ATLANTIC CITY, N.J. -- “Black Lives Matter” was painted prominently in Atlantic City on Friday — just not on the seaside resort's famous Boardwalk, which activists had originally hoped.
What had originally appeared to pit racial injustice protesters against city officials who were determined to prevent damage to the historic Boardwalk unfolded peacefully.
While about a dozen demonstrators rallied on the Boardwalk, about a half-mile away, volunteers for the city painted the words “Black Lives Matter” in bold yellow on Martin Luther King Jr. Boulevard.
Speakers at the rally included Gwen Carr, the mother of Eric Garner, who died while being subdued by police in New York City for selling untaxed cigarettes. His dying words, "I can't breathe," have become a rallying cry.
“They say enough is enough of the marching,” Carr said, “but they're still killing us. We have to make America uncomfortable because they have made us uncomfortable.”
Steve Young, a community activist who had announced plans for a protest in front of Boardwalk Hall, in which the words “Black Lives Matter” would be painted onto the wooden walkway, had said Thursday no one would try to do so.
“This city truly understands the Black Lives Matter movement,” said Mayor Marty Small, who is Black and who had announced plans earlier in the week for the city to co-opt the event in order to spare the Boardwalk. “In order for all lives to matter, Black lives need to matter.”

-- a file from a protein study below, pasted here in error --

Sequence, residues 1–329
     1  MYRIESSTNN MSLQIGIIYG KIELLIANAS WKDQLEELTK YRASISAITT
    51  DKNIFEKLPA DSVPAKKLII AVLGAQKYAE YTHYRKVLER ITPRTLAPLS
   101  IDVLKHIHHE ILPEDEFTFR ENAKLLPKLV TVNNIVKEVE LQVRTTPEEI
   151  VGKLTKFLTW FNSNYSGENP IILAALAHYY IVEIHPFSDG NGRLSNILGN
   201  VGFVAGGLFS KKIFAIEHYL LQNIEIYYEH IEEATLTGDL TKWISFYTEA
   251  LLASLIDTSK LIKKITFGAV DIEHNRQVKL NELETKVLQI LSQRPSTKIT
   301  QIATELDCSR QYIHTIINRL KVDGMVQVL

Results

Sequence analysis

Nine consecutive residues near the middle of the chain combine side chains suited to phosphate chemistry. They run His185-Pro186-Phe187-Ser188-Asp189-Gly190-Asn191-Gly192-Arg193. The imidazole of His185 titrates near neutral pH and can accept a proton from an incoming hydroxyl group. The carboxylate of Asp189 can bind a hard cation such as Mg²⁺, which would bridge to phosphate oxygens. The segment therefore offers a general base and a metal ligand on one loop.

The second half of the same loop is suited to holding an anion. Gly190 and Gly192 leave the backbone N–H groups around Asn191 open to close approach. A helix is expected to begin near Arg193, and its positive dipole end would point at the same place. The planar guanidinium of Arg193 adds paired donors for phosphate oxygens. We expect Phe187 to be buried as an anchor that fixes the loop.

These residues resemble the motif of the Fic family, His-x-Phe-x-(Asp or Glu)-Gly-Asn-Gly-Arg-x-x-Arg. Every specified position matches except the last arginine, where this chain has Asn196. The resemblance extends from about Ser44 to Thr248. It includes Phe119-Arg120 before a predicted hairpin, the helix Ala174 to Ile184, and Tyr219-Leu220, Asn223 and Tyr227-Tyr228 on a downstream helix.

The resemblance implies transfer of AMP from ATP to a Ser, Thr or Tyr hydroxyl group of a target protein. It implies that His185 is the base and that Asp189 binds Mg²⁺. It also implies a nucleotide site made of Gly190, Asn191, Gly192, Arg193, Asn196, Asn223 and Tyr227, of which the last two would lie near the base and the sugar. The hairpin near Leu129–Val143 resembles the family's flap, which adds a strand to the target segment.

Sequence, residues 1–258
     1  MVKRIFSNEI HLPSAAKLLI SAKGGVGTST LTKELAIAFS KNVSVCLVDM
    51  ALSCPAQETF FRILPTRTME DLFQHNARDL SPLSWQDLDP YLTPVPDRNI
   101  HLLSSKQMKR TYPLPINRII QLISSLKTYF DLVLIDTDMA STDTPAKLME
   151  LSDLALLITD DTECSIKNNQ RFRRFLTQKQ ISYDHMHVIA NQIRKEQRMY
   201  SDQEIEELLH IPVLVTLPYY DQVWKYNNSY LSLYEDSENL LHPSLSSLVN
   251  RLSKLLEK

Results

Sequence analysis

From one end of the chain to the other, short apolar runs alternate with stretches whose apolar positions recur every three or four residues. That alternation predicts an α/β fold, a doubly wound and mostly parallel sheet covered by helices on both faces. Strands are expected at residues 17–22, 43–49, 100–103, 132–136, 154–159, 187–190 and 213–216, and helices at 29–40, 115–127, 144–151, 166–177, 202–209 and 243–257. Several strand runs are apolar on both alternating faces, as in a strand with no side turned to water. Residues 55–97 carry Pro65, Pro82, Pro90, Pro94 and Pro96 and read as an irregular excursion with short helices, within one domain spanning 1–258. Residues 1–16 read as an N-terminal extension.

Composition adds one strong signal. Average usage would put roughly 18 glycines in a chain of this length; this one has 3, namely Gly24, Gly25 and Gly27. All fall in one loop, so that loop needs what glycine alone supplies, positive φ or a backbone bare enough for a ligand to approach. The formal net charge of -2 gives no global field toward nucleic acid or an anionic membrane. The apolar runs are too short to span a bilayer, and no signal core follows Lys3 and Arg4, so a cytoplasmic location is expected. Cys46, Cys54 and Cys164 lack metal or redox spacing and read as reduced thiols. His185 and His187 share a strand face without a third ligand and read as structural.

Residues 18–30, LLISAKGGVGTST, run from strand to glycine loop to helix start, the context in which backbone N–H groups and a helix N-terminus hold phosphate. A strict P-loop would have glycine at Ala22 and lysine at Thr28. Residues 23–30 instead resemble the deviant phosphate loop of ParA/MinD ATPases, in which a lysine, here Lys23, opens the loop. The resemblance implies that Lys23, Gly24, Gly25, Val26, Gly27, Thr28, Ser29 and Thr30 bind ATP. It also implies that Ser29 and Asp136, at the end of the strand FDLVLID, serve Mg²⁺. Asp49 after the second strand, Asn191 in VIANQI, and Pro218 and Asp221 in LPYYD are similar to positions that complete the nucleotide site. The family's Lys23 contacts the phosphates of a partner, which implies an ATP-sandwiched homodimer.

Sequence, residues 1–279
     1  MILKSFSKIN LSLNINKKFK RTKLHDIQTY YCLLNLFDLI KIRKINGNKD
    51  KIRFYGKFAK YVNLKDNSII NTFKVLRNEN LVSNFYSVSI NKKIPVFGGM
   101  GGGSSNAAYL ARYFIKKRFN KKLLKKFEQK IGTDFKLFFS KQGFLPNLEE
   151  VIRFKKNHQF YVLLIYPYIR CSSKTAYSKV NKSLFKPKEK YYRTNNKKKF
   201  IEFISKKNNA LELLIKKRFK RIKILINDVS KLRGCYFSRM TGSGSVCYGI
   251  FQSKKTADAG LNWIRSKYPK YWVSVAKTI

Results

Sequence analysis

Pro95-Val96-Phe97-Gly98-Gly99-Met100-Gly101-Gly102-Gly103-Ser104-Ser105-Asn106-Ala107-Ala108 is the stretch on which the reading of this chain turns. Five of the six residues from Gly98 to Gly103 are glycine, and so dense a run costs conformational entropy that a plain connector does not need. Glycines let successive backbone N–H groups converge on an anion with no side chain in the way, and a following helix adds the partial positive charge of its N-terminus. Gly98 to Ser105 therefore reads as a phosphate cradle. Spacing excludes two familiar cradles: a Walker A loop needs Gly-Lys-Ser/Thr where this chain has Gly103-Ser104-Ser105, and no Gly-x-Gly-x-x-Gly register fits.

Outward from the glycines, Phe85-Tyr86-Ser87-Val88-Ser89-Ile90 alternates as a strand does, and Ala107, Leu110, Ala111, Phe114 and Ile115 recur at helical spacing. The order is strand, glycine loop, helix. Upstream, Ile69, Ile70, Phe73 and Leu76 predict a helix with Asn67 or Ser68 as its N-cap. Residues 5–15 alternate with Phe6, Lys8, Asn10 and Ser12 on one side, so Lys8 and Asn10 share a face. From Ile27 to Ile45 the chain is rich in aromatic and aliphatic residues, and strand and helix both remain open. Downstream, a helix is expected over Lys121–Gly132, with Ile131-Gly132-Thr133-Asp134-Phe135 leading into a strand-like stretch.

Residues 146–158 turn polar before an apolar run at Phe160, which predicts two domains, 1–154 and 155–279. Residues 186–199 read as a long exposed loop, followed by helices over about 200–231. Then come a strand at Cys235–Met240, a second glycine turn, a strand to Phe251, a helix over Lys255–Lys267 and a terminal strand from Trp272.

There have been three racial justice demonstrations in Atlantic City this year. The first, on May 31, was followed by theft and property destruction for which about 100 people were charged. A second on June 6 was peaceful.
Young organized a July Fourth protest as the casinos were permitted to reopen after more than three months of being shut because of the coronavirus pandemic. He was among seven people arrested when marchers tried to block the entrance of the Atlantic City Expressway, the main route to the city and the casinos that are its lifeblood.
The city is trying to strip Young of two city posts he holds as a consequence of the July protest, whose stated goal was to “shut the city down.”
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